Pistol Shrimps Snap Their One Enlarged Claw

The pistol shrimp is one of the tiniest and, at the same time, most ferocious creatures of the deep sea. Though pistol shrimps are not longer than a human finger, they are incredibly “loud” and effective predators, with bodies that display special features and special abilities – here are just a few of them.

Pistol shrimps are not larger than 1-2 inches long. This little creature has an interesting, disproportionate body, with two arms in the front, one of them more developed than the other. One of the arms – it can be any of the two – ends in a large claw that lacks the pincers seen on other crabs. The pincers seem to be replaced by a joint that looks like a box glove turned backward. Pistol shrimps are very adaptable and very resilient creatures, too. When the shrimp loses its special claw, the limb will regenerate quickly, but the new limb will not be suitable for snapping, the function being taken over by the remaining old limb, the one that was originally the smaller, non-snapping limb. The reason for this switch is probably urgency – it takes shorter to transform the already existing, fully developed claw into a snapping claw than to wait until a new snapping claw is developed.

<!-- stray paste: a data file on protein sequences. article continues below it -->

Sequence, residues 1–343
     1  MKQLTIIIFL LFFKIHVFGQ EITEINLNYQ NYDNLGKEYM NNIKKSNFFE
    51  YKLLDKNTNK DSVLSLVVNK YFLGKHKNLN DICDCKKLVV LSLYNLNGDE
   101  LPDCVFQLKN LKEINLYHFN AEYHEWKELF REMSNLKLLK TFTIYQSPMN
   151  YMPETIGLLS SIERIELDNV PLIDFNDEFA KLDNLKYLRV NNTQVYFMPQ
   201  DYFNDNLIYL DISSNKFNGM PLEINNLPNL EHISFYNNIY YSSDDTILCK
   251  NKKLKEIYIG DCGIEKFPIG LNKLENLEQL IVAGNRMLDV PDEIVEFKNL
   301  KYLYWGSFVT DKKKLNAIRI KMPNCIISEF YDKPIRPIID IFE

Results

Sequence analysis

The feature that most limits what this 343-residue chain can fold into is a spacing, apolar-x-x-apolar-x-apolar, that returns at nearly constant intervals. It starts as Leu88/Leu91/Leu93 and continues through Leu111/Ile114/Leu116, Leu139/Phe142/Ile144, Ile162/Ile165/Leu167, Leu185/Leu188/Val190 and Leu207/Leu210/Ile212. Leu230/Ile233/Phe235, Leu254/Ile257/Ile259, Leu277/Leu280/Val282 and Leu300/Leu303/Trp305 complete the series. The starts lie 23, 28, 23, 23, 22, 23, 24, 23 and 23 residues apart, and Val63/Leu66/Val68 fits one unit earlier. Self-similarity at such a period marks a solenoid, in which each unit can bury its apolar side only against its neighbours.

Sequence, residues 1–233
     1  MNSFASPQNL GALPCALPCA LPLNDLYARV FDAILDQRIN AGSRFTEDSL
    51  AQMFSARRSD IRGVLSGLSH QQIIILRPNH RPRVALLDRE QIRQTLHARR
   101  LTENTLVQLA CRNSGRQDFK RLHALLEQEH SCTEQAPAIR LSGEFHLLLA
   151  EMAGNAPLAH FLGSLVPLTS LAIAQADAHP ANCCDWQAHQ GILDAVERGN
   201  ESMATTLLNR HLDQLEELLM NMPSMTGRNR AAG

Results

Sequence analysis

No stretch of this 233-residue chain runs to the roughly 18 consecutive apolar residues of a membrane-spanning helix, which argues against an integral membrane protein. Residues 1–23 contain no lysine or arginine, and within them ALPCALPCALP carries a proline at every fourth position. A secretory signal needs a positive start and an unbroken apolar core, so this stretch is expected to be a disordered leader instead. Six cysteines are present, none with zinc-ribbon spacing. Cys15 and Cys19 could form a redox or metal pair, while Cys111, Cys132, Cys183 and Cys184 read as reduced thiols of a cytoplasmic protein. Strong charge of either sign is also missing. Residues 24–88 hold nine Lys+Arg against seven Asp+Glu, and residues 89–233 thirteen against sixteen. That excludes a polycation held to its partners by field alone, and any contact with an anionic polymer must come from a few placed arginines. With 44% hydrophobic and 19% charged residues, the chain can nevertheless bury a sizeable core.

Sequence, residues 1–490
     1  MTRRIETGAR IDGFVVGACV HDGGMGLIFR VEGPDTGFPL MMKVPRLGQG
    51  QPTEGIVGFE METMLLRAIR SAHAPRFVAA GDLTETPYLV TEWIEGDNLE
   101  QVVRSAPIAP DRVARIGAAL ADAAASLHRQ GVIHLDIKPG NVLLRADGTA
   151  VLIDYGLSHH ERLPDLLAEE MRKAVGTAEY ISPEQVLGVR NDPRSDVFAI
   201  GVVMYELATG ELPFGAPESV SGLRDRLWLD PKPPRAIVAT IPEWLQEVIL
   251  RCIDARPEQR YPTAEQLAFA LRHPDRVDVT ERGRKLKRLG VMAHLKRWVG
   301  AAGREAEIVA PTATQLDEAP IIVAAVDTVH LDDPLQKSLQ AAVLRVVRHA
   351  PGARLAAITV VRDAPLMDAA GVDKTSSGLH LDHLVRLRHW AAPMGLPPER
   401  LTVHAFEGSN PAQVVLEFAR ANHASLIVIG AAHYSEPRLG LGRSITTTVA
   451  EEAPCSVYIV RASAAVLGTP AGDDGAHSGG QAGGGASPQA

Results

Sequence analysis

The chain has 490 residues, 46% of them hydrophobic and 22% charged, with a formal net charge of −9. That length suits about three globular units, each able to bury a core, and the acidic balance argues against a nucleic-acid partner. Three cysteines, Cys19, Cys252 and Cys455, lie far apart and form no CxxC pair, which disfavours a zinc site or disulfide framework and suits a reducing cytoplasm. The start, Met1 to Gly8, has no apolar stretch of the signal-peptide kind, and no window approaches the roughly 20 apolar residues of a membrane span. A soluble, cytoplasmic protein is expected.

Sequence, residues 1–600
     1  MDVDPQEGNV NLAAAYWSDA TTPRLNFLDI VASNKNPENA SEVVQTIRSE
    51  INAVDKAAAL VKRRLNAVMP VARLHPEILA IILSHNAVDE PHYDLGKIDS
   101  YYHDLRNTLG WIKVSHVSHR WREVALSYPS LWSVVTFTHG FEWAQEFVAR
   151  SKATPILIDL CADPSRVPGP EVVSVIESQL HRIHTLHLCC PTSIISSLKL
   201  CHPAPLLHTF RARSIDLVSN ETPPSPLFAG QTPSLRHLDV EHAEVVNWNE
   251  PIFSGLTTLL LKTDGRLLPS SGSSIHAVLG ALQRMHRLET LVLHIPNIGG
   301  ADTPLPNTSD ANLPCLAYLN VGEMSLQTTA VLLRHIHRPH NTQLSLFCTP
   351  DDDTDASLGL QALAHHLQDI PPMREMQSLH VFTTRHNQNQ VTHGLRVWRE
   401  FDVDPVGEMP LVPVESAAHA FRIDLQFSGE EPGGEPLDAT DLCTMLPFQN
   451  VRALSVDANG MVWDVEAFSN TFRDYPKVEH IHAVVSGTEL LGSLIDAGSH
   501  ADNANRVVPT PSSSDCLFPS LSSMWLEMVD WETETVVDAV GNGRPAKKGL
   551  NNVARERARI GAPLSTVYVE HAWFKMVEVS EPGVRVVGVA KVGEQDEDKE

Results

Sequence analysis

When pistol shrimps detect prey or they want to scare away predators, they “snap” their claws. When the shrimp closes its enlarged claw, the closing creates a line of cavitation bubbles. The closing happens incredibly fast, which creates the bubble incredibly fast, too, and makes it behave like a small bullet that can kill small fish and wound larger animals.

The bubble is very fast, while the process of creating it is not only fast, but loud as well. When the shrimp shuts its large claw, the acoustic pressure generated by the movement can reach 80 kPa. The bubble itself can reach the speed of 60 mph and releases sound that is louder than 200 decibels, making the tiny shrimp the loudest animal of the world, even louder than beluga whales or sperm whales and certainly louder than man-made machines such as jet airplanes. The bubble is actually so fast and strong that it also produces luminescent effects. In the second of the collapse, the bubble’s temperature is around 4,700 degrees C (by comparison, the temperature of the Sun’s surface is around 5,500 degrees C), producing light upon bursting. However, the light of the bubble is of very low intensity and it is, therefore, invisible to the naked eye.

Marine biologists believe that the snapping primarily serves the purpose of hunting, but it is also used for communication, scaring away unwanted visitors. The shrimp spends most of its time hiding in its burrows, waiting for its prey to swim by. When it senses motion with its antennae, it comes out of its hiding place, snaps its claw to stun the prey, then drags it into the hiding to eat it.

Blane Perun

Diver - Photographer - Traveler

Whale in Ocean